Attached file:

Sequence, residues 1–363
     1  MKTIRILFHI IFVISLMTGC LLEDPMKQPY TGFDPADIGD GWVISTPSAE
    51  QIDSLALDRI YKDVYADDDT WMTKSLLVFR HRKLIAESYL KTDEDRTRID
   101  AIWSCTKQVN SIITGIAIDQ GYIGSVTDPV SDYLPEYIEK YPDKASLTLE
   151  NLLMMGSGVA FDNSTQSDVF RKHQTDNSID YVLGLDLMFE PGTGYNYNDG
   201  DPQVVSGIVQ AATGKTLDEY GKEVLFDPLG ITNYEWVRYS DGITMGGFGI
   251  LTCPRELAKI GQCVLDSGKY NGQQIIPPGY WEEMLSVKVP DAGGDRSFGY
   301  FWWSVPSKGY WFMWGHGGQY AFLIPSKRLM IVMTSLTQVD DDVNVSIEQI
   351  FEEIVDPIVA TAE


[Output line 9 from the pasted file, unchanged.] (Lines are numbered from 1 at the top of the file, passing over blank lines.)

   351  FEEIVDPIVA TAE